If you’re headed to the city’s beaches, there’s nothing that says you can’t combine the city’s new hobby of birdwatching with your beach-going. It’s piping plover nesting season, so keep an eye out for the endangered (and super cute) bird! (Jen Chung for Gothamist)

Governor Cuomo instituted a mandatory 14-day quarantine if you’re traveling to New York from 16 different states. How is it being enforced? 🤷‍♂️ (Fred Mogul for Gothamist)

Highlights from NBC’s recap of a week of “surprise” fireworks displays from Macy’s, including an unexplained shot of a building in South Korea for some reason? (John Del Signore for Gothamist)

The rats have been quiet, but with restaurants opening, expect that to change. (Amy Pearl for Gothamist)

Visitors are now able to go to the September 11th Memorial for the first time since March. The museum is still closed. (NY1)

The Strand is opening its Upper West Side location this month on Columbus Ave between 81st and 82nd St, the former home of Book Culture. (Sara Lebwohl for I Love The Upper West Side)

A rundown of the fatal five shootings in the city Sunday. (Todd Maisel for amNewyork Metro)

SpotShotter, the system the NYPD uses to detect gunshots, is under a real test with all the fireworks around the city. The system is, pardon the pun, shoddy at best, and its implementation has resulted in the targeting of Black and brown communities. (Gabriel Sandoval for The City)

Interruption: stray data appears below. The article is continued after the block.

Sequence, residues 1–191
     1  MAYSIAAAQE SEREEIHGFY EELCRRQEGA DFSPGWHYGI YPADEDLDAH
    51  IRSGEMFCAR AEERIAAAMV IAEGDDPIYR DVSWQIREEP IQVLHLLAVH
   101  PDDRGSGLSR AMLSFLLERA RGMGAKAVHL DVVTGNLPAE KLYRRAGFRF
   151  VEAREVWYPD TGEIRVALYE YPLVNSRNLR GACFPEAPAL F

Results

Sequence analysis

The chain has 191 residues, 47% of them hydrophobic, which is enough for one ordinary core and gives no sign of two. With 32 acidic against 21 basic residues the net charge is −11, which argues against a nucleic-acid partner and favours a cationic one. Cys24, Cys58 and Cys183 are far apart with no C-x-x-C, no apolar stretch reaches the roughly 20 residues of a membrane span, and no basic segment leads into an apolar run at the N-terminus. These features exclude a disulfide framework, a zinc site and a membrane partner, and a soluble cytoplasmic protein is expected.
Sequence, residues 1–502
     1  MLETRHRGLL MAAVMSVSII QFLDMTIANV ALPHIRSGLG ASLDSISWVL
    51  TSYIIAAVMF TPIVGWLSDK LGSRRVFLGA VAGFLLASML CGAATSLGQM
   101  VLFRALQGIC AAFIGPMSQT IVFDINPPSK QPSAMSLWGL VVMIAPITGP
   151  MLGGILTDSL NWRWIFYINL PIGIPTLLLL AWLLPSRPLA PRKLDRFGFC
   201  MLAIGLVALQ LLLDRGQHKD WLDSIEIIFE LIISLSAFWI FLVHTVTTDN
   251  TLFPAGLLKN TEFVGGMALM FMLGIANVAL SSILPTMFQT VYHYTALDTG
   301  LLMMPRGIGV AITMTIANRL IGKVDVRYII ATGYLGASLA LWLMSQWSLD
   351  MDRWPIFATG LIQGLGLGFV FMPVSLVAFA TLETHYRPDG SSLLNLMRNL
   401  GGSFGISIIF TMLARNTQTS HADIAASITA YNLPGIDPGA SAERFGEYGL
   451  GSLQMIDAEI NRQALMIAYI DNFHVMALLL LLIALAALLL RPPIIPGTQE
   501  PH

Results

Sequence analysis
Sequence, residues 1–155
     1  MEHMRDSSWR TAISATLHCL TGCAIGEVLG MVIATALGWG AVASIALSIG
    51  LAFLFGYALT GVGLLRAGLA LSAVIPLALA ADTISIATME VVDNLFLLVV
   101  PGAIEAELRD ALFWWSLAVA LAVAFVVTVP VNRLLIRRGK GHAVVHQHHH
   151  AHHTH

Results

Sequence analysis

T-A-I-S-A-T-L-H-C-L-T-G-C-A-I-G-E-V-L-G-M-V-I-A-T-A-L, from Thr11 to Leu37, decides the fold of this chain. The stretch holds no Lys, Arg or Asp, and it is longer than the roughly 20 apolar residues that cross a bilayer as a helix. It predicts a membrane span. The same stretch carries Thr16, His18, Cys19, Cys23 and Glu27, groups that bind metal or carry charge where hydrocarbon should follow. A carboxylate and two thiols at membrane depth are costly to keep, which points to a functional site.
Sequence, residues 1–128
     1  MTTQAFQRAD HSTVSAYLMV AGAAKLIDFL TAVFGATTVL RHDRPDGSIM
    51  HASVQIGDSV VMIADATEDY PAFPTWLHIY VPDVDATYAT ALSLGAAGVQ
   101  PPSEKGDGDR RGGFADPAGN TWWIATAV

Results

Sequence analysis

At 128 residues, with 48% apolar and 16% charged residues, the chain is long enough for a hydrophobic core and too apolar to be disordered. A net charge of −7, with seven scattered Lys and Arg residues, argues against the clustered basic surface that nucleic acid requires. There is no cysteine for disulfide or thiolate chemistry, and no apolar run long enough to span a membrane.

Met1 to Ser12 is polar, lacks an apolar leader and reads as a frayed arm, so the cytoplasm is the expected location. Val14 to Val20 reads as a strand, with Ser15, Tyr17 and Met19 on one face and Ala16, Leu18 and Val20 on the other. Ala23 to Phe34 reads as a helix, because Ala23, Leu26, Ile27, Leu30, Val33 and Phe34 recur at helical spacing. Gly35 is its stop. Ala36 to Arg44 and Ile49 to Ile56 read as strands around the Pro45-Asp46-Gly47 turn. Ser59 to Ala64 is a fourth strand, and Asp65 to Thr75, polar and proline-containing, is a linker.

RIP Nick Cordero, Tony-nominated Broadway performer, who passed away due to Covid-19. (Michael Paulson for NY Times)

The de Blasio administration is giving up on the idea of reworking the Brooklyn Bridge promenade, leaving the pedestrian and cyclist nightmare for the city’s next mayor. Here are Scott Stringer, Corey Johnson, and Eric Adams’ takes on the future of the bridge. (Dave Colon for Streetsblog)

More people are riding the MTA’s buses than subways for the first time since volume numbers have been kept. (Christina Goldblum and Winnie Hu for NY Times)

A look at the history of Firemen’s Garden on E 8th St, where the NYFD’s Martin Celic lost his life in 1977. (Ephemeral New York)

A guide to the real-life NYC locations from Hamilton. (Untapped New York)

Congrats to Joey Chestnut and Miki Sudo, this year’s hot dog eating champions who both set new records and are $10,000 richer for it. (ESPN)

Where to eat hot dogs this summer. (Melissa Kravitz Hoeffner for Thrillist)